The Great Elbification

In the past two centuries humanity has used cheap energy to extract resources from the environment and grow the population of the species exponentially. This behavior occurs often in nature and results in boom-bust cycles of populations. When a species discovers a wealth of resources, they will exploit it and grow in numbers until the resources have been depleted after which the population declines just as rapidly as it has grown.

This is not new to our species. Several civilisations in our past have gone through this cycle. What makes the current instantiation of this process special in contrast to those of the past is that the environment we have been exploiting for the past two centuries is the out entire planet. We cannot move to a different planet — so, in order to avoid catastrophic decline of our population we have to fundamentally change the way we organise ourselves and at the same time heal the environment that is the foundation of our lives.

We move atoms and bits — in the form of products and services. Doing so requires energy. In the middle of 2022 the energy required to do so is a constant stream of roughly 19TW. This number grows by 2–3% per year. The reason why it does that can be found in the way we have set up our economic signalling function: money. The global total volume of money grows by 2–3% per year and the way we ensure its value is by growing our economies by 2–3% per year, which we measure in GDP. If GDP grows by that amount, so does the number of bits and atoms we have to move, hence also the amount of energy we need.

The main issue with this is that the kind of energy we are primarily using creates enormous negative externalities in the form of climate chaos. The secondary issue with fossil energy is: we are going to run out of cheap fossil energy in the coming decades. The quick and intuitive response would be to replace fossil fuels by renewable energy sources. Up to a point that might work, but then we would run into the physical limits of mineral supply required to do so. If we are lucky, we would max out at 9TW using renewables, less than half of what we can use now.

This — along with all the other crises unfolding — opens the opportunity for various kinds of futures. Some bright, some not so. Predicting the future is impossible, especially in details since being off by a small margin today will result in a vast difference in the future. But it is possible to describe scenarios in broad strokes and decide to work towards the one that we consider the most desirable. In the following i will — in very very — broad strokes sketch a few scenarios. It will be very easy to guess which of those is the most desirable in my perspective and i will not try to hide it. To the contrary. I am hoping to find an ally in you in turning it into reality.

The first is what Nate Hagens calls the “Great Simplification”. In this he refers to us moving closer to the most important form of energy for human life: food which also is the most elegant form of solar energy. Effectively this would mean moving back into a mainly agricultural world. In this scenario most of the underlying functions driving our world today will not be needed or to expensive to run and stop working.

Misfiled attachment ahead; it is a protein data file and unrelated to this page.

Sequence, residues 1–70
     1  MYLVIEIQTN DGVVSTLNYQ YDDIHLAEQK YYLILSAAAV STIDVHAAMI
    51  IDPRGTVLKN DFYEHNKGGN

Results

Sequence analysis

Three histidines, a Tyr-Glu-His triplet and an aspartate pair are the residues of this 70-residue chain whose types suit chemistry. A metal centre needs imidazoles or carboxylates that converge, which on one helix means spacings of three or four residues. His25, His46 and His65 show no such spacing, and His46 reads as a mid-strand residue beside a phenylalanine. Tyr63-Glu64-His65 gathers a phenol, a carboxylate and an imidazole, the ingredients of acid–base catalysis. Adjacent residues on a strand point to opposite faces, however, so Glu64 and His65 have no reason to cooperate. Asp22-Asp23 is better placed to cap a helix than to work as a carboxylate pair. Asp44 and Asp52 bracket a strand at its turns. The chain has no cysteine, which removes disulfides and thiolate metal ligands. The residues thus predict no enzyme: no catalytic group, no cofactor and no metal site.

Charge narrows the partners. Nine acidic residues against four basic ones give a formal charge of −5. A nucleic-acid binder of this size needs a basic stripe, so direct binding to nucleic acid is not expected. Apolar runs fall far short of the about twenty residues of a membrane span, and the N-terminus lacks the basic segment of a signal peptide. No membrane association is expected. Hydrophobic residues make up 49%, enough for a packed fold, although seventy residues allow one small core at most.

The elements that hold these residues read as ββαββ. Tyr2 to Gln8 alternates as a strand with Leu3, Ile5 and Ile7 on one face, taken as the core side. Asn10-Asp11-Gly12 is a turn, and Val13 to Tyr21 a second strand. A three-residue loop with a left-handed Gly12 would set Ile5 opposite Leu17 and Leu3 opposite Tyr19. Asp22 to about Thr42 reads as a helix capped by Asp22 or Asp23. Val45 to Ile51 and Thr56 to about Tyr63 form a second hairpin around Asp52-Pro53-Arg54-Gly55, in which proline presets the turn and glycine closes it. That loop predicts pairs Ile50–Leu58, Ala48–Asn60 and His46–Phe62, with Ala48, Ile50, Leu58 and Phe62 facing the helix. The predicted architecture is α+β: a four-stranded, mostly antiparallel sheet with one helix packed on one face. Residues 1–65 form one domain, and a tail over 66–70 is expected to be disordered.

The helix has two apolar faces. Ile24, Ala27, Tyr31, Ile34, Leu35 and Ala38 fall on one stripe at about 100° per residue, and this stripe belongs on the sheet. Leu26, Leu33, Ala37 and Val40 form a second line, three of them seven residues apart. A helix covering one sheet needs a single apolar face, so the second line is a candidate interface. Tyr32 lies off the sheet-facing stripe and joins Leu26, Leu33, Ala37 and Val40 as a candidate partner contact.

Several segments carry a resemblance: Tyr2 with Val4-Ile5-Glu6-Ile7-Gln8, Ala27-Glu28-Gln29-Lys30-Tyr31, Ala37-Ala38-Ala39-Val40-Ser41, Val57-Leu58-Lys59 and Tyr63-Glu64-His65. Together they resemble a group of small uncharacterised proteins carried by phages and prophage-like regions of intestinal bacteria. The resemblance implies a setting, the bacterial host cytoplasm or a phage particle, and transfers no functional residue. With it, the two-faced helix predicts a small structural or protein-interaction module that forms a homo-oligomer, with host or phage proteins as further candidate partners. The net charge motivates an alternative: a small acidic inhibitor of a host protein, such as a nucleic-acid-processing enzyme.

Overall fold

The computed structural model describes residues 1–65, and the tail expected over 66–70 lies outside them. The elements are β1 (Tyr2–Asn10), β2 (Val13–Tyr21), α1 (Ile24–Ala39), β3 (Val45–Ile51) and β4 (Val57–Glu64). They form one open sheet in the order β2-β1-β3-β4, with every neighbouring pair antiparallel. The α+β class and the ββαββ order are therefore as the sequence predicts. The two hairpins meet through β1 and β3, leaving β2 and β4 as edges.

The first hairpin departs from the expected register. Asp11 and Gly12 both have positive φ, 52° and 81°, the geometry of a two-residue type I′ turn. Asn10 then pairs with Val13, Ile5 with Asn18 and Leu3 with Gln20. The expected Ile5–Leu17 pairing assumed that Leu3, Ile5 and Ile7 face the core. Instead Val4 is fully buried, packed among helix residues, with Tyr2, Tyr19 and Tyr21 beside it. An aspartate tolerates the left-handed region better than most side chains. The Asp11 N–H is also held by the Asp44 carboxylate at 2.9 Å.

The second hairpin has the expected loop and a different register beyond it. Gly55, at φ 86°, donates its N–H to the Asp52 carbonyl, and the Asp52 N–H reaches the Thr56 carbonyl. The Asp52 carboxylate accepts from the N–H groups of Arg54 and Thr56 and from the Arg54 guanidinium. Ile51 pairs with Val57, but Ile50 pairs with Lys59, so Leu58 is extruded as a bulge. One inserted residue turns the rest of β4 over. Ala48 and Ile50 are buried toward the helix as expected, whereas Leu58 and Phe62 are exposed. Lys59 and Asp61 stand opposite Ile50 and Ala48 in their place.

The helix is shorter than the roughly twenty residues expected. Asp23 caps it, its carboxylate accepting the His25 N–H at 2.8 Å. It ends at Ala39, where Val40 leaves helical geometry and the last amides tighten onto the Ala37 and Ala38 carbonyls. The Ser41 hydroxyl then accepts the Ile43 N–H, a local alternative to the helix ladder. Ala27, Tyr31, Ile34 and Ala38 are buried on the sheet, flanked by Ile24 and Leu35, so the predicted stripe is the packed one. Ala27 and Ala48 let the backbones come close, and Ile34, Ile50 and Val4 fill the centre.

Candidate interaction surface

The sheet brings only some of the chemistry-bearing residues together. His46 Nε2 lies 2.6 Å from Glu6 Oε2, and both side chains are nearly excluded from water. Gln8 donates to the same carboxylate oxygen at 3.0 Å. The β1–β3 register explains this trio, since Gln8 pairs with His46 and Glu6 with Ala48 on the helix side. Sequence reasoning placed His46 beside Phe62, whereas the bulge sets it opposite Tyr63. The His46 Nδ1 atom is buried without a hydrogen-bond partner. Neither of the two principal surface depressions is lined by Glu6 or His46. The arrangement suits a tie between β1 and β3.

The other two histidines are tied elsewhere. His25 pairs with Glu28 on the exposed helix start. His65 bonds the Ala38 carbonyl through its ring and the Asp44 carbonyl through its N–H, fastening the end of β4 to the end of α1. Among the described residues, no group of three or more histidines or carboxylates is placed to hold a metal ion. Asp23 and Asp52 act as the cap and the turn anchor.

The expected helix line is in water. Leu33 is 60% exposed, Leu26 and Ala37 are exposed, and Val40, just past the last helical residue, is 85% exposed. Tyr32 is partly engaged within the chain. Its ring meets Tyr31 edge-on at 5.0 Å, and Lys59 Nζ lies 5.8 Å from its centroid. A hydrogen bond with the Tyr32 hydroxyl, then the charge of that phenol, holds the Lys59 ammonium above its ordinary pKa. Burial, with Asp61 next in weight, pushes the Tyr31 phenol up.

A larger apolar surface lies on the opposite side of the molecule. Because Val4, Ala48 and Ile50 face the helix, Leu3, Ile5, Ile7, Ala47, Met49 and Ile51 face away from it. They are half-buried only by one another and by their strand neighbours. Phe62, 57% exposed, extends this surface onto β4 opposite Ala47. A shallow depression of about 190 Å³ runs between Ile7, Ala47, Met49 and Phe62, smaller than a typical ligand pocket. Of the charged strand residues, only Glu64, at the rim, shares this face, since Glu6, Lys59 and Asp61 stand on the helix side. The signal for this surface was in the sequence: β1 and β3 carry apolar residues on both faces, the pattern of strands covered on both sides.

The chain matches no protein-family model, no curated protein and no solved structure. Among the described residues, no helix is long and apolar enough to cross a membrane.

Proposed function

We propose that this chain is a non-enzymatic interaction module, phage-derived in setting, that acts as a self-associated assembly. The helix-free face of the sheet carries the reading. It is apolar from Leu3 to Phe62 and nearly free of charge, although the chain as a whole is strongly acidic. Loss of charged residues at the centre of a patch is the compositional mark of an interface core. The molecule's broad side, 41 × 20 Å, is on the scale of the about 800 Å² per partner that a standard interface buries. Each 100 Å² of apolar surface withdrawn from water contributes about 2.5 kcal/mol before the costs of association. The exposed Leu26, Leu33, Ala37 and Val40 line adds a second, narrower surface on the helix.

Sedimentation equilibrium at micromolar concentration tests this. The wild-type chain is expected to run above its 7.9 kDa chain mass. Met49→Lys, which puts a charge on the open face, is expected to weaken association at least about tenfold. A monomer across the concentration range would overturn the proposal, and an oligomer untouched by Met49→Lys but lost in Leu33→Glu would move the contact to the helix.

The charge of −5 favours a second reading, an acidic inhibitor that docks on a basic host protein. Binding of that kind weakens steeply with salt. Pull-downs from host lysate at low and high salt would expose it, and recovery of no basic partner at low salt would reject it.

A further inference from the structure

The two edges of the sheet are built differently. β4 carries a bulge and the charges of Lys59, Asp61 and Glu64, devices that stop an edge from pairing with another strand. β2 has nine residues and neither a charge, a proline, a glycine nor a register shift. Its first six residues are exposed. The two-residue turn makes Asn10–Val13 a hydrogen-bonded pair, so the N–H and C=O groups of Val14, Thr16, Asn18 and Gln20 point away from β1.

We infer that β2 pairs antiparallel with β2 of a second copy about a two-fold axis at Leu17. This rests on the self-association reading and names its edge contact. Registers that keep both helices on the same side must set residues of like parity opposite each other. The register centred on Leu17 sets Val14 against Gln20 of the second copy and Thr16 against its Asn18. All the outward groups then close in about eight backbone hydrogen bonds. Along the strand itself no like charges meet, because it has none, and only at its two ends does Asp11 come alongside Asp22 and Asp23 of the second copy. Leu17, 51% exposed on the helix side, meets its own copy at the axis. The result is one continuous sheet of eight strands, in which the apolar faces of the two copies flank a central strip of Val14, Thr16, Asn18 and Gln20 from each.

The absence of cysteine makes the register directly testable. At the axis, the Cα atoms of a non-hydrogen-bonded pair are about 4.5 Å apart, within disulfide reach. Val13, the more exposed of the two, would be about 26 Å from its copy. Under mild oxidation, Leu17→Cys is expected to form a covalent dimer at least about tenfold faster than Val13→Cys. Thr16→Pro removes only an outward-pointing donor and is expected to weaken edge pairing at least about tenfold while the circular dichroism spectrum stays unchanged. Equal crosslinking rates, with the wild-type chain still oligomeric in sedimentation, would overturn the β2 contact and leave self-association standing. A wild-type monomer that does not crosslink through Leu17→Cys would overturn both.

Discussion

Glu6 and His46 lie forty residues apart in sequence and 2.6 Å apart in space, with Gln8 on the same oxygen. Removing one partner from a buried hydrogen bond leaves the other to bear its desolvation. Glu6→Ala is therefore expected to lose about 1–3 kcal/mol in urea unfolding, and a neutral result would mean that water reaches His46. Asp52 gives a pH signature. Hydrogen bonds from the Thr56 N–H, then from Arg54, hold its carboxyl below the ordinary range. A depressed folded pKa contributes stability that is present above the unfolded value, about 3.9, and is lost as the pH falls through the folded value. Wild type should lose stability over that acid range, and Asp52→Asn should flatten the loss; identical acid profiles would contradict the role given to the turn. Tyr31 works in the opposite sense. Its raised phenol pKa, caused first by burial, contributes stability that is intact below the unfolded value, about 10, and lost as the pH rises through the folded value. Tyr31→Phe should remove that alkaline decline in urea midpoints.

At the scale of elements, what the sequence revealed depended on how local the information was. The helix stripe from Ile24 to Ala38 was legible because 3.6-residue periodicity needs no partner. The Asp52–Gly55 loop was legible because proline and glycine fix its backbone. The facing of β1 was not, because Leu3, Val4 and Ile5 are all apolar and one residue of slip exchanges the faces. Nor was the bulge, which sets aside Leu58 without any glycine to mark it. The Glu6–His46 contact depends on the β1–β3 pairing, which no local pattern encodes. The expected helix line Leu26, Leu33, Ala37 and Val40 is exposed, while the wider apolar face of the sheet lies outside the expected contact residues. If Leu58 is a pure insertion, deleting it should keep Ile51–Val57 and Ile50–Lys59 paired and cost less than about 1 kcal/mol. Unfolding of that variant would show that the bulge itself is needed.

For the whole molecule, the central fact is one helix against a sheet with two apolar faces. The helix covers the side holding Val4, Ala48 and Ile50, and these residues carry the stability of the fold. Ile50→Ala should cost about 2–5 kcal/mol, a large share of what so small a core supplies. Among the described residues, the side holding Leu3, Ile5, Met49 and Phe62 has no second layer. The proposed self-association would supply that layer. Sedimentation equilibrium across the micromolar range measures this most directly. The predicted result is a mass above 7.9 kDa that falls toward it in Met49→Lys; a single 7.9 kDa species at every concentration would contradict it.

The second is a scenario that could be called the “Great Complification” in which — if we are luck — we manage to satisfy the hunger for energy with new forms of hydrocarbons in combination with efforts of geo-engineering to mitigate negative externalities. While this would prevent imminent catastrophic risks from playing out in the short term, it would create a brittle system, effectively increasing the potential scale of catastrophic risks.

A third one could be called the “Great Concentration” in which the accumulation of wealth in the form of energy gets even more concentrated in the areas of the world that are currently rich and can therefor afford to build the expensive infrastructure, mine for or buy the necessary minerals. This would leave 50–80% of the global population behind who will probably not be content with the situation.

The final scenario is what i call the “Great Elbification”. It focusses our curiosity and agency on how to use the 175000TW of energy the sun is constantly sending to create the things we need. While this might sound like fiction, it is being worked on in labs across the planet in the form of using microorganisms to metabolise unwanted molecules into wanted molecules using sunlight, sugar and water as the main inputs, to mention only one example. Imagine a world in which we can grow anything we need either directly or as an input to create the propulsion devices, communication devices and all the other devices that make our lives easier. Imagine that everyone in the world had access to this kind of natural technology. If you can imagine it, we can build it.

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